Hard-Won Independence Should not be Compromised

Today marks the 91st anniversary of the establishment of the first Independent Republic of Armenia. Each year we reflect on the heroic battles that won the independence, the progressive institutions that are still in place and still serve as the foundations of some of the socio-economic platforms of modern-day Armenia, and, of course, the moral and political importance of emerging as a free and independent state barely having survived the Genocide.

At no other time than the present should the significance of this anniversary resonate more loudly in the minds of Armenians around the world. Politically Armenia and Armenians are embroiled in a regional chess game that, if not prudently played, could threaten the very foundations that ensured us victory 91 years ago.

Whether it is shortsighted policy-making by the current Armenian authorities or the persistence of foreign interests, or Turkey playing hard-ball, the so-called “roadmap” agreement, based on which Armenia and Turkey are going to allegedly move toward normalizing relations, jeopardizes the future of our nation.

In a very short time, after the Armenian authorities announced the agreement on the eve of the Genocide anniversary, the celebration or commemoration of all historic turning points have become more significant, since the impact of those events on today has been elevated to a point of directly influencing our future as a nation.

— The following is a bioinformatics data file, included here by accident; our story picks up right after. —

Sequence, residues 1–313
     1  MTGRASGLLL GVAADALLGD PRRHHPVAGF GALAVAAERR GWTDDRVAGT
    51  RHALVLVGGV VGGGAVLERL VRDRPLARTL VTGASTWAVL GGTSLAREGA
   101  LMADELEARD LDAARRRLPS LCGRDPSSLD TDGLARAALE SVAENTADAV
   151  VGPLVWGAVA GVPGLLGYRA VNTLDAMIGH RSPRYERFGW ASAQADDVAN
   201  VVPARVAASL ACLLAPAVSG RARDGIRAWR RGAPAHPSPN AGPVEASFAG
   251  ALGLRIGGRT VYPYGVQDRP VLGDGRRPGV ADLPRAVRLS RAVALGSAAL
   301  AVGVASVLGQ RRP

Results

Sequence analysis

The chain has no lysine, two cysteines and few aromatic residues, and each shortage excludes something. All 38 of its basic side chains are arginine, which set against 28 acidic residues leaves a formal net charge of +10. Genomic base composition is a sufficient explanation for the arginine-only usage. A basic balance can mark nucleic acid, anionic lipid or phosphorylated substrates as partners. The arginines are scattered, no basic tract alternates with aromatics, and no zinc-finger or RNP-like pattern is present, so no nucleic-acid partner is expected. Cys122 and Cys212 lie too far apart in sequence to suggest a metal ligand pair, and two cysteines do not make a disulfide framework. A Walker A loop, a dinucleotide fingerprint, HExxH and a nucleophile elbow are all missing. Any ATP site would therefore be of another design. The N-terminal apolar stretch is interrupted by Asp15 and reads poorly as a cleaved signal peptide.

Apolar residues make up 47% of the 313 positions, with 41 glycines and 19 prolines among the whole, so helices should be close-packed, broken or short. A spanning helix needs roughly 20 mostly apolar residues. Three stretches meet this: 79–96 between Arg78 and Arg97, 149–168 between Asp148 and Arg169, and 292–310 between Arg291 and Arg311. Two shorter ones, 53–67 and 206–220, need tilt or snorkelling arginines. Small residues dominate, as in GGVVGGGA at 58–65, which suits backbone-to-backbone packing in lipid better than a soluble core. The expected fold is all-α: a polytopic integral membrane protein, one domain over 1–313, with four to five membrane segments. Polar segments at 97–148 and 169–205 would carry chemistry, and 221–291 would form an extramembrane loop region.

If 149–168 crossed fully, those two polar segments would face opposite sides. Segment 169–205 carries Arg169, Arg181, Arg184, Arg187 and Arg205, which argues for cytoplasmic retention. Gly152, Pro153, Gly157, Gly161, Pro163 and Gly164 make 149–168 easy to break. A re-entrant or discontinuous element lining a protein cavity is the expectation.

Turkey’s preconditions, which Armenian authorities insist are not driving the talks—establishment of a historic commission to assess the Genocide, the return of liberated territories around the Nagorno-Karabakh Republic and the acceptance of the current borders between the two countries—all are deeply rooted in the battles that were won 91 years ago, not to mention the victory 17 years ago in Shoushi and the tragedy that started it all 94 years ago in Western Armenia.

One of the more important legacies of the First Republic was that it brought the Armenian question to the international arena, and paved the way for the Treaty of Sevres, which resulted in the [Woodrow] Wilsonian map of Armenia.

So, 91 years later, the political inroads made then and significant advances in the Armenian Cause that have since been won through the determination and conviction of the Armenian people is being threatened because of a hasty three-paragraph announcement that has come to be know as the “roadmap” effort.

As we celebrate this historic turning point, we are fully aware that the heroism of yesteryear was not in vain. More importantly, however, we—as a nation—must ensure that, for the sake of the longevity of the Armenian nation, the ideals on which the First Republic was founded are not trampled on but are preserved at all cost.

A critical first step in guaranteeing the continued fight for justice is to participate in and contribute to Sunday’s ANCA Endowment Fund Telethon, which aims to educate and bolster new generations of Armenians with the tools to boldly continue the fight for our national aspirations and justice.


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